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Pet Food Ingredients
Petfood-fiber-1309PETnutrition
The future of the industry seems to point to a solid outlook for fiber in petfood, especially as consumers become more educated as to its benefits.
On September 11, 2013

Fiber in petfood: A healthy nutrition trend

As pet parents become more conscious of their furry family members’ health, the industry is stepping up to provide the right ingredients for success.

["Beet pulp, which is known for being a ‘super fiber’, is one of the most common fiber ingredients.", "As pet parents become more educated about obesity and colonic health, we will begin to see more fiber added to pet foods.", "One trend we’re seeing is an elevated interest in dried fruit/vegetable fiber."]

Research has long shown the positive effects of fiber in petfood. Dental disease in dogs, hairball symptoms in cats, obesity and diabetes in both-these and other negative health issues have been shown to be mitigated with diets that include fiber, and the petfood industry is more than happy to cater to the needs of those diets.

Companies in the industry  are staying on top of the latest trends to ensure pets get all the nutrition they need to be healthy and happy. "The most common types of fiber ingredients in petfood are those that have proven to be an effective source of fiber for pets, such as oat fiber, beet pulp, tomato pomace and fruit/vegetable fiber (apple, carrot, cranberry, pomegranate, etc.)," said Brian Immel, marketing specialist for LaBudde Group Inc.  "Beet pulp, which is known for being a 'super fiber', is one of the most common fiber ingredients and is also very cost effective for petfood manufacturers."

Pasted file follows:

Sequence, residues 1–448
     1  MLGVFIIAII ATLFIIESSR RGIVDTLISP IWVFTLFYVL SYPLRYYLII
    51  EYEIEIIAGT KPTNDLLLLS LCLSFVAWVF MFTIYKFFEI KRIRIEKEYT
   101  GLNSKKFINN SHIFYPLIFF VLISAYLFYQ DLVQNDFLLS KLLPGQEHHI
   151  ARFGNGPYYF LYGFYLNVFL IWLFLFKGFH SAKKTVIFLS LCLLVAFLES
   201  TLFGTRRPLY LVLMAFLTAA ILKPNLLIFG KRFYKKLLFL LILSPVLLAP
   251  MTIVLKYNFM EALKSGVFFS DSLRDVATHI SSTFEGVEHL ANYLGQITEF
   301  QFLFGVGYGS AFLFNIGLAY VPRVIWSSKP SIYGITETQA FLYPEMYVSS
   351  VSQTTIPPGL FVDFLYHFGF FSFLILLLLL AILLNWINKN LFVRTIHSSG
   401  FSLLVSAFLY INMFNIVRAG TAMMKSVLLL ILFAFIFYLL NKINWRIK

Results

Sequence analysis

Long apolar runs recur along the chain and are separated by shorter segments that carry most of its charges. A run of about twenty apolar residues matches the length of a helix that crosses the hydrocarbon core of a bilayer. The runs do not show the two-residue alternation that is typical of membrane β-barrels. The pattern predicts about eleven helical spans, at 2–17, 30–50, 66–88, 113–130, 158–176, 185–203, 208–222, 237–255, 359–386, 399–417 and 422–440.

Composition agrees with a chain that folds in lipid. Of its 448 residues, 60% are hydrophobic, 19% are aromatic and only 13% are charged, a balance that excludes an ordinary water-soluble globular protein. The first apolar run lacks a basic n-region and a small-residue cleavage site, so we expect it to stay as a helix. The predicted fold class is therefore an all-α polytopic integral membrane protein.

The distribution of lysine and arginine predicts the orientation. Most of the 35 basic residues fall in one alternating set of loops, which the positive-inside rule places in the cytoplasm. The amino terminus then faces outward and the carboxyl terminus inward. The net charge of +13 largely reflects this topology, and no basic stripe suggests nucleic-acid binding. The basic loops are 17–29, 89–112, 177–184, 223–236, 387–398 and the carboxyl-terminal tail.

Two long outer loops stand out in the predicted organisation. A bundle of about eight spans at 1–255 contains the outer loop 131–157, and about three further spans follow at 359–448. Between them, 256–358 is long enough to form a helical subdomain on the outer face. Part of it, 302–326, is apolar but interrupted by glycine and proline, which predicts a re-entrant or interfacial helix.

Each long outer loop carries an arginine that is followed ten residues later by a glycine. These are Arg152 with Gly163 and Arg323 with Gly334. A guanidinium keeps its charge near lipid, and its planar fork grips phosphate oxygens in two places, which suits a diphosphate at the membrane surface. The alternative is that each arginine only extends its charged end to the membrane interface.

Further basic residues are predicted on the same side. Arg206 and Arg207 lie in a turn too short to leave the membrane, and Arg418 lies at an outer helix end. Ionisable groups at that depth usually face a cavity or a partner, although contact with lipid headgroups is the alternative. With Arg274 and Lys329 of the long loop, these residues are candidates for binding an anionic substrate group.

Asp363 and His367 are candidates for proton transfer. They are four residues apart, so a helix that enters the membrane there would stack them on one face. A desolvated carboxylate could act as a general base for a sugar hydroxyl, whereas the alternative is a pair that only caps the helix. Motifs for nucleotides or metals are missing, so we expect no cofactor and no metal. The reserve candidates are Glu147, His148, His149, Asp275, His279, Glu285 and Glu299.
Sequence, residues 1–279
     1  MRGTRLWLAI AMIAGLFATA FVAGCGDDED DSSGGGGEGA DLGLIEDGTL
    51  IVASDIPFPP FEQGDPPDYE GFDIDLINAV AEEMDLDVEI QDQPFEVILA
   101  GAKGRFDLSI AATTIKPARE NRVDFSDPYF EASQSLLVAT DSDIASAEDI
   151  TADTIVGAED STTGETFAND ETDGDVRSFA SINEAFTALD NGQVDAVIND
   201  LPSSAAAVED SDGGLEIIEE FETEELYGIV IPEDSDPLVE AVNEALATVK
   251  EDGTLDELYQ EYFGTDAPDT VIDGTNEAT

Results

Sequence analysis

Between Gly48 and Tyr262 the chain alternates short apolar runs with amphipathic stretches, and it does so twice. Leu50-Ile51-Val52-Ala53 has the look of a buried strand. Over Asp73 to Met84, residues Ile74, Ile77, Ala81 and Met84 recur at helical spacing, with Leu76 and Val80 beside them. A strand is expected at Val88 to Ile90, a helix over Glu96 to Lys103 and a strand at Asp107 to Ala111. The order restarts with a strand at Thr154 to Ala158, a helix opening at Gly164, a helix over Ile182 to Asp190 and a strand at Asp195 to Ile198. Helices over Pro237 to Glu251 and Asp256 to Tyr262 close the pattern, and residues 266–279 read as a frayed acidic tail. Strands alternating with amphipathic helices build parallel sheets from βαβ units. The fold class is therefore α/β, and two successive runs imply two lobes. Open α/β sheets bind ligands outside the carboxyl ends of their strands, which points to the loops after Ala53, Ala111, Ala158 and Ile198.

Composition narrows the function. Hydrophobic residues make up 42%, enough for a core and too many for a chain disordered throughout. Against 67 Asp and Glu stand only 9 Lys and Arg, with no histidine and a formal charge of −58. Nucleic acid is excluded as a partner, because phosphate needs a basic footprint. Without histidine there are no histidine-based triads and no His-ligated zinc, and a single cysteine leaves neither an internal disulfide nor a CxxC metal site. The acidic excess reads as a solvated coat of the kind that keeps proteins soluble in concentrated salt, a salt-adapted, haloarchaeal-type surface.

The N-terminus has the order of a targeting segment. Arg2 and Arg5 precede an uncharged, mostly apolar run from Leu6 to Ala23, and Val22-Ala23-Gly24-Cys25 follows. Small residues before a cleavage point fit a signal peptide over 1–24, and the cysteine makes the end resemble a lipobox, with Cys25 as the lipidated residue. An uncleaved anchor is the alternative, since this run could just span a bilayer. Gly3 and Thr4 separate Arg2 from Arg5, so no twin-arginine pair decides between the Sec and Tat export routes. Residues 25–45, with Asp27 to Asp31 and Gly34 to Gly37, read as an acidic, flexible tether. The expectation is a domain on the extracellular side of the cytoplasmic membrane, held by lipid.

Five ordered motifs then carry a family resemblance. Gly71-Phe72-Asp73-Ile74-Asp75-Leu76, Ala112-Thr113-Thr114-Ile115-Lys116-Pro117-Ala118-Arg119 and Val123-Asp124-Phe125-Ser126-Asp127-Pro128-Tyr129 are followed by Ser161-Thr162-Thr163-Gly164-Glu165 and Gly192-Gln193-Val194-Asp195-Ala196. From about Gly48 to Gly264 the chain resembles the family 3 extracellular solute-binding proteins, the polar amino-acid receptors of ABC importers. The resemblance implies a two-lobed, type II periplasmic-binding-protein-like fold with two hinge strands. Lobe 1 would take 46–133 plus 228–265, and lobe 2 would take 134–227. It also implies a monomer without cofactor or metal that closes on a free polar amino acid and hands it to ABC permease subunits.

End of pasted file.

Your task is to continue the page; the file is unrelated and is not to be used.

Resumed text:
Whole foods are also finding a presence in many petfoods which are where an ingredient such as edible beans is attractive, according to Jolene Hoke, M.S., companion animal technical sales specialist for ADM Alliance Nutrition Inc. "They provide total dietary fiber at 22%-24% on a dry matter basis with about 6% being soluble fiber," said Hoke. "Consumers are able to easily identify with the ingredient and the health benefits of beans."

Pet industry trends Â are looking to support consumers' desires to keep their pets alive, healthy and part of the family for as long as possible. "Pet owners have elevated the pet as part of the family," said Patrick Luchsinger, marketing manager, nutrition, for Ingredion Incorporated. "In this trend, there has been an ongoing development focusing on utilizing healthy ingredients that are typically used in human food for better nutritional balance (e.g., prebiotic fibers, probiotics, omega-3s, CLA, etc.) that can also bring better nutritional balance for the pet."

Fiber fits well into this desire, according to experts. "One trend we're seeing is an elevated interest in dried fruit/vegetable fiber-those ingredients are label friendly and are an excellent source of fiber for pets," said Immel. "There is also a definite shift towards ingredients with full traceability, which is why premium and high-quality ingredients have become so important in the pet food industry."

Pet owners are looking for ways to keep their pets feeling fuller longer in an attempt to target the obesity epidemic, and fiber is one of the ways to achieve satiety. "Fiber has long been associated with digestive health and fecal regularity," said Hoke. "As pet parents become more educated about obesity and colonic health, we will begin to see more fiber added to pet foods."